In speaking to this point she says, "We have no time to lose. Important work is before us, and if we are slothful servants we shall certainly lose the heavenly reward. But few have broad and extensive views of what can be done in reaching the people by personal, interested efforts in a wise distribution of our publications."—Review and Herald, Dec. 19, 1878.

This is a very forceful and pertinent statement. Those of us who have made a careful study of the church's attitude toward the literature ministry are bound to agree with Ellen White's observation that "few have broad and extensive views" of the possibilities and potentialities of the canvassing work. The impetus for doing this work conies from Christ's pointed statement: "The harvest truly is great, but the labourers are few: pray ye therefore the Lord of the harvest, that he would send forth labourers into his harvest" (Luke 10:2).

Not too many of us apply this text with any force to the canvassing work. I have chosen to do so because, if there is an area in the total life of the church that cries out for more laborers, it is the literature work. Moreover, only a blind pessimist will deny that the harvest is truly great. The fact is, the conditions facing our civilization are frightening and foreboding, and people are looking more and more to religion for answers and deliverance.

"The harvest truly is great, but the labourers are few: pray ye therefore the Lord of the harvest, that he would send forth labourers into his harvest." A force lies hidden in these words that could give an astonishing impetus to the missionary outreach of the Seventh-day Adventist Church. Do you believe as a Seventh-day Adventist that there is a great harvest waiting to be gathered in? Are you persuaded that there are hundreds and hundreds of ordinary folk in the towering city, village, or parish in which you live who are hungering and thirsting for the satisfaction that Christianity alone can give even if it is also true that many of them are unable to understand their own need and require some Christian like yourself to interpret it for them? Or, to make the matter more personal, do you think it is highly likely that if, after reading this article, you were to persuasively encourage some of your church members to go out to prepare themselves to accept God's call to the literature work, that the response might well be generous and overwhelming? These questions are as awkward to answer as they are to ask.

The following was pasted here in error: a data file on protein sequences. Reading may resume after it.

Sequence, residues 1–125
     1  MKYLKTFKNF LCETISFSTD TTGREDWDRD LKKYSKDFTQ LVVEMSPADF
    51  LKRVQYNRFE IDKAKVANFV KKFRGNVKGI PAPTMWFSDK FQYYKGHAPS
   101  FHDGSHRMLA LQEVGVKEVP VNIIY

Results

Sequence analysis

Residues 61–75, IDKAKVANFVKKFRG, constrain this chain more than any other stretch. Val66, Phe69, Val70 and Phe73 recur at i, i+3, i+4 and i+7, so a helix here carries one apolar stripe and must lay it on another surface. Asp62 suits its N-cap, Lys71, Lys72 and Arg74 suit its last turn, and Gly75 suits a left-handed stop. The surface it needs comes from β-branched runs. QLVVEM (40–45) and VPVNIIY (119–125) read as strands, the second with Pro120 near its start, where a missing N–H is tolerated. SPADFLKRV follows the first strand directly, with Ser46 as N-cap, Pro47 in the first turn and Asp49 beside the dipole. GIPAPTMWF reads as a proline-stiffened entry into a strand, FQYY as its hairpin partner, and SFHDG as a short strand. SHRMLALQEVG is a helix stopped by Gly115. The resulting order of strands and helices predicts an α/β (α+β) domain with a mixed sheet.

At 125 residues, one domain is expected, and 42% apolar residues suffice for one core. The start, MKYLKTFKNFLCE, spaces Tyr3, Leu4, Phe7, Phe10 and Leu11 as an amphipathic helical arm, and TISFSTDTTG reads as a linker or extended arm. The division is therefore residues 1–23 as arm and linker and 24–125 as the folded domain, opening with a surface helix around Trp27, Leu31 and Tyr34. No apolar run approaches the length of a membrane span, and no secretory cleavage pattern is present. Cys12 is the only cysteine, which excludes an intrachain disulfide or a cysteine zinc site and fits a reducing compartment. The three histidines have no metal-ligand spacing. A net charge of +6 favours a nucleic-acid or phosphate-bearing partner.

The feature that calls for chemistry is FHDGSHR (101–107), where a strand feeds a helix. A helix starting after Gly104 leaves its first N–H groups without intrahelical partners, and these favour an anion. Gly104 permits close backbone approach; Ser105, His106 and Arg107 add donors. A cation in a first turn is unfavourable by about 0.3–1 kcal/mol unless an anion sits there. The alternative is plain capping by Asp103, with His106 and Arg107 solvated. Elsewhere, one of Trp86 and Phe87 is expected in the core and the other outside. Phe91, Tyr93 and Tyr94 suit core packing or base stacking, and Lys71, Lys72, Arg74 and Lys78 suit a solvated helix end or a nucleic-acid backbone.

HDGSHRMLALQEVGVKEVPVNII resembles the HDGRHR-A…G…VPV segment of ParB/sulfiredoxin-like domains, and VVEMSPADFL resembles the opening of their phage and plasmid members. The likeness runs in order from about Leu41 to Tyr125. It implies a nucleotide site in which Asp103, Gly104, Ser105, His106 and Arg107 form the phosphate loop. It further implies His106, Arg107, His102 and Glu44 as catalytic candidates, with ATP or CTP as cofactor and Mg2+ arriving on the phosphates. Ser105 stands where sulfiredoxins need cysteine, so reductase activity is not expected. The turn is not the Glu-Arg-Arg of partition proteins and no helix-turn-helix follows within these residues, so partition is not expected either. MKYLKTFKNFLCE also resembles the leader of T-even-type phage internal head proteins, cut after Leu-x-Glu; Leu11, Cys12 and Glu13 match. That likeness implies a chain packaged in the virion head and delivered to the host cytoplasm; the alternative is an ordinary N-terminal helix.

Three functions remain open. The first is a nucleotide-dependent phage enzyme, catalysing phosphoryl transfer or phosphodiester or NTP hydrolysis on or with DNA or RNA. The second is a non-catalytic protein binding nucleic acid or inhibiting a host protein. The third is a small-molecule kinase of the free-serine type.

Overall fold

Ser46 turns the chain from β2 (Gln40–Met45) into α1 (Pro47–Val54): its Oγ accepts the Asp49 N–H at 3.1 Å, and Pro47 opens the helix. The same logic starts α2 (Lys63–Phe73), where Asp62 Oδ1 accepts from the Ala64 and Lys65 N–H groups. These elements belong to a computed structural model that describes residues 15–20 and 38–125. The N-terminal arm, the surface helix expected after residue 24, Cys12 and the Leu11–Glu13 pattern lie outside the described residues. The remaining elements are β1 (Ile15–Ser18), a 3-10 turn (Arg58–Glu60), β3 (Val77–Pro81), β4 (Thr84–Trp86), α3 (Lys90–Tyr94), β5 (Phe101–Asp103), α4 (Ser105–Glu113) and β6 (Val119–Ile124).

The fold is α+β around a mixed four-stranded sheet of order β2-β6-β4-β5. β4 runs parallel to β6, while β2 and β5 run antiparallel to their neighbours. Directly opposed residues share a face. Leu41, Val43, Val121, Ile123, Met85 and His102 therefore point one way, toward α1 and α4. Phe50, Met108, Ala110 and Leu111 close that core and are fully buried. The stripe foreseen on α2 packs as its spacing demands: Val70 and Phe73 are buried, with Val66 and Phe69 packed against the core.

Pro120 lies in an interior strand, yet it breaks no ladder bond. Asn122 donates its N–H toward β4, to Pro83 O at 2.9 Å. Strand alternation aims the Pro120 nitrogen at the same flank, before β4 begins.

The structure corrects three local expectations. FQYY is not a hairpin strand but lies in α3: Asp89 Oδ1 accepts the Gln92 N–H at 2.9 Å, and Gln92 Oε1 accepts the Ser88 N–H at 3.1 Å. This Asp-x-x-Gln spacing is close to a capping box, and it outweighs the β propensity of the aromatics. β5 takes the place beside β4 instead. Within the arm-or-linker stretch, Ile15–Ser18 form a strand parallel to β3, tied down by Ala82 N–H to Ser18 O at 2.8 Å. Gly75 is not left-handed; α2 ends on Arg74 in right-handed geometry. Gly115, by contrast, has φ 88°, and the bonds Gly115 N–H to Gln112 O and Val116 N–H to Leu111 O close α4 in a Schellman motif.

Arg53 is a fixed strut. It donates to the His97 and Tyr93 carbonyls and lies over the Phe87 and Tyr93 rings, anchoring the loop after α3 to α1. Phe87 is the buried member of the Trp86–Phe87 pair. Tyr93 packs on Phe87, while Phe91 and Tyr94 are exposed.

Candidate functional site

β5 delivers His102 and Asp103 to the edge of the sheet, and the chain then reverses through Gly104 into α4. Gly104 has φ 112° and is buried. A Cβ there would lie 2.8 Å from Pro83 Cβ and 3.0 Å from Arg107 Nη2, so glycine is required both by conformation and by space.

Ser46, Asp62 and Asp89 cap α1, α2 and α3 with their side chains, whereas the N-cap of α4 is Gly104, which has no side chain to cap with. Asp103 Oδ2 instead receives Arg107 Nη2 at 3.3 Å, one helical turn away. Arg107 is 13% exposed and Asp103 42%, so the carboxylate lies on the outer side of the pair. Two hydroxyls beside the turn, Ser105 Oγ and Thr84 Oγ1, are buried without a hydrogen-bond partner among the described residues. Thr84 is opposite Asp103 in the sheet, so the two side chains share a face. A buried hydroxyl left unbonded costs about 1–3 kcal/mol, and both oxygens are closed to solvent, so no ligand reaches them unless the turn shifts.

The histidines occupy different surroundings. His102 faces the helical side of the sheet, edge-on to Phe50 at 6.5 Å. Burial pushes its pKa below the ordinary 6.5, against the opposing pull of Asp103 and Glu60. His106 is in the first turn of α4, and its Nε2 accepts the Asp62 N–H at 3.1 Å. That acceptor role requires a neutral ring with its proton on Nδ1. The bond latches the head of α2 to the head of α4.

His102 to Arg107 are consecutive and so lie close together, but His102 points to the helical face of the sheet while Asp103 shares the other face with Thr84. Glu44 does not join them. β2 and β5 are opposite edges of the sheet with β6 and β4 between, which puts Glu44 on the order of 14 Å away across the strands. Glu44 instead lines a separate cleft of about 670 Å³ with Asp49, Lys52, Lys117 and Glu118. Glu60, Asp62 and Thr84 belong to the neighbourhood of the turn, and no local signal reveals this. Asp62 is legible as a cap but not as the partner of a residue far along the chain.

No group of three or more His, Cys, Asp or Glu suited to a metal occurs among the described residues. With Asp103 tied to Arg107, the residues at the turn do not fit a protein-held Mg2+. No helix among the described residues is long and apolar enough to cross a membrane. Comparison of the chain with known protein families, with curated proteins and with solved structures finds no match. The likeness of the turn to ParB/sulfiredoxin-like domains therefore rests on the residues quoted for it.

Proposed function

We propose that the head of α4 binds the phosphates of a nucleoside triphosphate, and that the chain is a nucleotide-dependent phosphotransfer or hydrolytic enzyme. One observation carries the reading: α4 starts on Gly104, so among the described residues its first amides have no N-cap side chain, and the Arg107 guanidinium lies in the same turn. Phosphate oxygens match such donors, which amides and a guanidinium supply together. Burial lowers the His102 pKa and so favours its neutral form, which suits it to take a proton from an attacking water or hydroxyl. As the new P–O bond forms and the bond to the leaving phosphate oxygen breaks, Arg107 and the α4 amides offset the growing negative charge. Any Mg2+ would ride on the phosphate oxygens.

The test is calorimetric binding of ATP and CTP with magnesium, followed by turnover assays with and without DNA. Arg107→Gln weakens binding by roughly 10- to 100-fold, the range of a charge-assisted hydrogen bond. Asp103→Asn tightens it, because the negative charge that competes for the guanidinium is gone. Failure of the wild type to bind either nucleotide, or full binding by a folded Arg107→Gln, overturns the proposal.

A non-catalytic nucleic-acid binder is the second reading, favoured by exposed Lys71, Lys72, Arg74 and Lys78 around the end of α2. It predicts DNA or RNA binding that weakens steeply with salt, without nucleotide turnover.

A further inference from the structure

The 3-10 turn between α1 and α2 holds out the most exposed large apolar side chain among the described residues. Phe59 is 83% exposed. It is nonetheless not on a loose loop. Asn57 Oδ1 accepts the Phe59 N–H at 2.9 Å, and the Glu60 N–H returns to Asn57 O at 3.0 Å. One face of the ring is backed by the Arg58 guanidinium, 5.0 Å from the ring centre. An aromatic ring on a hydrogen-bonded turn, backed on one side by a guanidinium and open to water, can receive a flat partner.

Perhaps the questions are not so difficult, but it is our faith that is too small. We have the assurance from Ellen White that precisely this might be expected in our time: "God will soon do great things for us, if we lie humble and believing at His feet. . . . More than one thousand will soon be converted in one day, most of whom will trace their first convictions to the reading of our publications." —Review and Herald, Nov. 10, 1885.

Since this is a moment of supreme spiritual opportunity when God is so unmistakably active that many fields are already white unto harvest, the first great need in the church is the need of vision and larger faith. We must have eyes to see that indeed the fields are white and ready for harvest, but that the literature work needs laborers now more than ever.

What did Jesus say? "Pray ye there fore the Lord of the harvest, that he would send forth labourers into his harvest." Do you see the picture again? On the one side a mighty harvest, on the other side a devastating paucity of workers, and between the two a vast gulf. How can the gulf be bridged? The bridge, Jesus tells us, is prayer. No one can really long for God to act without being willing to be the man through whom He acts. Thus any program for recruits must be initiated with prayer, followed by the offering of ourselves to God, who may use us to help others to become His servants. What we find in practice is that as we pray for the increase of workers, our own desire to be at God's disposal is greatly strengthened.